I first fell in love with Iranian cuisine when I had Mina’s tahdig almost 20 years ago. I still remember the delicious little barberries she put in it. Growing up with Indonesian-Chinese style white rice, Mina’s tahdig is really on another level. The necessary care but elegant process that goes into preparing the rice, with complex but comforting flavour combinations of saffron and ghee – makes this dish, in my humble opinion, the most special rice dish I’ve ever had. Not to mention the crispy potatoes to top all that! I am thrilled that Mina shares her tahdig recipe with us here as well as her other specialties like Fesenjoon and Mirza Ghasemi.
Mina has been cooking her version of Fesenjoon for around 40 years now. It’s a very old and traditional Iranian meat stew cooked in walnut and pomegranate sauce. Mina first learnt this dish from her mother in law who’s from Gilan province in the north of Iran that lies along the Caspian Sea. Pomegranate which grows in this region tends to taste quite sour and Fesenjoon dish from this region also tastes quite sour due to the pomegranate molasses used. But that’s how the locals there like it. Mina prefers to use the pomegranate molasses from Khorasan province, in the north east of Iran where she’s from. It still has the tartness but a touch of sweetness too. Fesenjoon is one of the homefood dish that goes so well with Tahdig. And to accompany the potato tahdig Mina also made some Mirza Ghasemi which is a Persian smoked eggplant with tomato and eggs.
As you can see here, the Tahdig (which literally means ‘bottom of the pot’ in Farsi) takes the centre stage.
Potato Tahdig (Persian Saffron Potato Rice)
Prep time: | Cook time: | Serves 6
- 3 cups basmati rice
- 1 tsp ground saffron
- 1 large potato thinly sliced
- 1 tbs salt
- 2 tbs ghee
- Using mortar and pestle, grind the saffron threads into powder. Place saffron powder into a cup and pour over around 2 – 3 tbs of lukewarm water. Set aside for 30 minutes to infuse.
- Wash the basmati rice until water is clear then soak it in cold water with 1 tbs of salt for at least 2 hours. Fill a large cooking pot with water and bring it to boil, then put in the soaked rice, cook for about 10 mins or until rice is al dente. Drain the rice in the colander, quickly rinse with cold tap water and put aside.
- In a non stick pot with a plate size surface area, heat up about 1 tbs of ghee on low medium heat then pour in the saffron water. Place the sliced potatoes to cover all the surface area then the par boiled basmati rice, top with 1 tbs of ghee. Create some holes in the rice using the back of the spoon/spatula to let steam to rise up.
- Cover the pot with a clean tea towel and put the lid on. The tea towel will absorb the excess steam from the the cooking process. Cook for 10 mins on medium heat then another 45 mins on low heat.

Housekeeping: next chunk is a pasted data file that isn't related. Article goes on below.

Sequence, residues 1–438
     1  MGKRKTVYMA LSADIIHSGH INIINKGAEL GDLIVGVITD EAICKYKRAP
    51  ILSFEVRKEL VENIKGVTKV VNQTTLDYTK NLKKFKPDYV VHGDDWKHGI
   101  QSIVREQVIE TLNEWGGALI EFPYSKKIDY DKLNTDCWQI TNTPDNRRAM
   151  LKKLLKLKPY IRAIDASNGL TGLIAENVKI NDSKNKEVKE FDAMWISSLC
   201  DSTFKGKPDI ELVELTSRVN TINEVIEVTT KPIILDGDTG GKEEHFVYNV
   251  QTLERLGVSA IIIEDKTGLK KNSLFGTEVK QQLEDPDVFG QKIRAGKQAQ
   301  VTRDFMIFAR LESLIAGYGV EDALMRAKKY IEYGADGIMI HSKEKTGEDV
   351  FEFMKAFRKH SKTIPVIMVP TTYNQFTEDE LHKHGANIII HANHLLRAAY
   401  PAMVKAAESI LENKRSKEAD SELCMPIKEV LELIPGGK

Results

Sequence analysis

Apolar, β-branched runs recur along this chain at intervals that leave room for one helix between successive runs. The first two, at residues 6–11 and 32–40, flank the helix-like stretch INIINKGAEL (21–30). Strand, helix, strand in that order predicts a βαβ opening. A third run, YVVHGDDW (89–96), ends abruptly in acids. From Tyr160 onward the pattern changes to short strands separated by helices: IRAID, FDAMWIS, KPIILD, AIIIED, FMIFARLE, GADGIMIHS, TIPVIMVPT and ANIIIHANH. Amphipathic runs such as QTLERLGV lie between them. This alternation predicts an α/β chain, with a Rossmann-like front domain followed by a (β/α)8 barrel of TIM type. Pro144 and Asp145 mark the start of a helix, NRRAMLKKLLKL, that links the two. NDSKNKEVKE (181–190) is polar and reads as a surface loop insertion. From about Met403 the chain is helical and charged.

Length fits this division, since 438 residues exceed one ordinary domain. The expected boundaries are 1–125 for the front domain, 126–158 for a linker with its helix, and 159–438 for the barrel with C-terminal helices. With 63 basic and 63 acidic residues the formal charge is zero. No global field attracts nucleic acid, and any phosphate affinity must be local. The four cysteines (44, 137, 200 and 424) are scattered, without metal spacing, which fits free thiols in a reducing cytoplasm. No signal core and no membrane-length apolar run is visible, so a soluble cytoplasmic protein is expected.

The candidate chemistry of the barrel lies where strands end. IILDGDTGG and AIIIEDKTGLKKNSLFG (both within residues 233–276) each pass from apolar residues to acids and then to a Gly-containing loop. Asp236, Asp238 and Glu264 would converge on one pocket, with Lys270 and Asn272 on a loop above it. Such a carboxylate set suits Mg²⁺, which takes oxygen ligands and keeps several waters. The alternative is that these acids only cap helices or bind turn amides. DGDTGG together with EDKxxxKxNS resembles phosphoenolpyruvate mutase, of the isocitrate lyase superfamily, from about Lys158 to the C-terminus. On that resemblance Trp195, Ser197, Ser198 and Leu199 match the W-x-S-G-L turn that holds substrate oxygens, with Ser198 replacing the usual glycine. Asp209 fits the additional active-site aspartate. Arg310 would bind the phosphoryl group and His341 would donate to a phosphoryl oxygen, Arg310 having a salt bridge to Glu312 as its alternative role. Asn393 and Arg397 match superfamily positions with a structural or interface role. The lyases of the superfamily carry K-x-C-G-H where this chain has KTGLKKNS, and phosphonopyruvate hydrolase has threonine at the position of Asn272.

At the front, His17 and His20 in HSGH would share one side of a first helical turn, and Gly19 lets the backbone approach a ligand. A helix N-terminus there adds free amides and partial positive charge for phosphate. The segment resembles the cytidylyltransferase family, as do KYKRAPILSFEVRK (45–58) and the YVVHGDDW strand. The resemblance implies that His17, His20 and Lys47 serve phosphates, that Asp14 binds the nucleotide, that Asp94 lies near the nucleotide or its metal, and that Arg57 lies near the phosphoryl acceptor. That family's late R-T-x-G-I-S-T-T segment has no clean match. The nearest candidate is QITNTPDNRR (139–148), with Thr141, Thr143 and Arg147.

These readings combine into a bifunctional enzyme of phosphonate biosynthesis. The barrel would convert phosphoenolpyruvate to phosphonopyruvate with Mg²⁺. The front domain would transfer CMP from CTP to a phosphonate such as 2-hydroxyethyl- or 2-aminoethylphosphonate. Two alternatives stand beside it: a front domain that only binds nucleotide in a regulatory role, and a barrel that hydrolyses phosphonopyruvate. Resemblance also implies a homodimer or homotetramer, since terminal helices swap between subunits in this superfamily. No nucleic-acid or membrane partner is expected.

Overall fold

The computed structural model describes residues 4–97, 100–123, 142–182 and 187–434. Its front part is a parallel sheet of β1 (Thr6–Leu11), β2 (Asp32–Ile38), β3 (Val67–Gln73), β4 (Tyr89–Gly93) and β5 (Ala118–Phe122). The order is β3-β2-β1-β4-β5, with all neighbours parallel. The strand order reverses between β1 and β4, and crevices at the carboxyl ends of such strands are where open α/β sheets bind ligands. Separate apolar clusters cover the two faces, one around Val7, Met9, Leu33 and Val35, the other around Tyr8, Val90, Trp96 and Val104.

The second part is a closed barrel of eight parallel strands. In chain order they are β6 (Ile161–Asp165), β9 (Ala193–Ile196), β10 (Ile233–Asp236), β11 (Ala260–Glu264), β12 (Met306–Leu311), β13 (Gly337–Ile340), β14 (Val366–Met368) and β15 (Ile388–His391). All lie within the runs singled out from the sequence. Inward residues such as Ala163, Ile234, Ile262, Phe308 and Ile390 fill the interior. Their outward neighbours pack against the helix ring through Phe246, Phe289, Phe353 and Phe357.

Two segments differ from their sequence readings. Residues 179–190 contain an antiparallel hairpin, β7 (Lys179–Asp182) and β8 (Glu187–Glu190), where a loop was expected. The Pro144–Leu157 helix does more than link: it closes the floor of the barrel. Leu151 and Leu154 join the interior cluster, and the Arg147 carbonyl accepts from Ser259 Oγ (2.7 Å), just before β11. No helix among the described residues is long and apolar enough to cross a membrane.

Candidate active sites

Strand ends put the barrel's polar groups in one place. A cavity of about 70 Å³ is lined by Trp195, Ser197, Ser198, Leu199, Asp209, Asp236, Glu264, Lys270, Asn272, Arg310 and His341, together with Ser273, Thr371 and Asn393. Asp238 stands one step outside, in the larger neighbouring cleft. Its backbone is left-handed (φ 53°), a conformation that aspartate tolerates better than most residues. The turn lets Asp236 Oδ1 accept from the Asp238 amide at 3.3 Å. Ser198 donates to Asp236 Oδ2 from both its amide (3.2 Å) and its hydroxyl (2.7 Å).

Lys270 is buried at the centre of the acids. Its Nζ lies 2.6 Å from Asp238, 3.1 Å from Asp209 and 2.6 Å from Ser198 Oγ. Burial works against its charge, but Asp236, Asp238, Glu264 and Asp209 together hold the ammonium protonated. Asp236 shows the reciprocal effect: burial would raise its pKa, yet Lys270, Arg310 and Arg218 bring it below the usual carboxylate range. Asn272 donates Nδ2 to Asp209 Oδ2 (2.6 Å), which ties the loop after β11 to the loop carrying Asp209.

- After the rice is done cooking, take the lid and tea towel off and let it cool down for 10 mins. On the pot, place a serving plate larger in surface area than the rim of the pot and flip it upside down, slowly releasing the tahdig.
Mirza Ghasemi (Persian Smoked Eggplant with Eggs)
Prep time: | Cook time: | Serves 6-8
- 2 large eggplants
- 3 large tomatoes
- 6 cloves of garlic
- 1 sachet of tomato paste (50gr)
- 2 tsp ground turmeric
- 4 eggs
- salt and pepper to taste
- olive oil for cooking
- First we smoke the eggplants. You can do this either on a BBQ grill, flame of gas cook top or on a griddle pan on a stove. Wash the eggplant well and wipe dry. Place directly onto the heated grill until the skin really puffs up and you see steam comes out. Most of the eggplant skin should be quite charred by this point. This process usually takes about 15-25 mins.
- Meanwhile, finely chop the garlic and cube the tomatoes. Fry the chopped garlic on a skillet pan with olive oil on medium high heat until fragrant then add in the chopped tomatoes. Mix well until all the tomatoes are wilted and most of its liquid evaporated. Then turn the stove heat to low.
- Now we scoop out the flesh out of the charred eggplants. Place the scooped out silky eggplant flesh on a colander so the excess liquid from eggplant can drain.
- Still on a low heat setting, place the rest of the ingredients into the tomato garlic mixture: eggplant flesh, ground turmeric and tomato paste. Using your cooking spatula, roughly chop the eggplant until quite mashed, constantly mixing in the rest of the ingredients in the pan for about 10 minutes. Add more olive oil if it looks too dry.
- To add in the eggs, create 4 wells in the pan and crack in the eggs. Cover the skillet pan with a lid to steam the eggs for about 5 minutes or until egg whites are cooked. If you like your egg yolks more cooked then leave for another 3 minutes or so.
- Season with salt and pepper to serve.
Fesenjoon (Persian Chicken in Walnut and Pomegranate sauce)
Prep time: | Cook time: | Serves 6
- 2 cups of walnut
- 1 large onion finely sliced
- 8 pieces of chicken thigh/drumsticks
- 3/4 cup pomegranate molases
- 1/2 tsp of ground turmeric
- 4 cup water
- Olive oil for cooking
- Salt and pepper to taste
- First let’s make the walnut paste. Place walnuts in a food processor with 4 cups of water and blitz until milk like consistency. In a big cast iron pot, cook the walnut milk on low heat for at least 2 and half hours until it thickens like yoghurt consistency. The colour should be dark clay-like and the walnut oil will appear on edges of the pot.
- Meanwhile, slice the onion thinly and fry with olive oil until it caramelise.
- In the walnut mixture pot, mix in the pomegranate molasses, chicken pieces, ground turmeric and caramelised onion. Mix well and season with a bit of salt and pepper. Cook on low heat for about 1 hour until chicken is tender and the sauce is blacken. Taste it before serving, if it’s too sour to your liken then add a bit of sugar.
- Garnish with fresh pomegranate seeds (optional). Best served with Tahdig.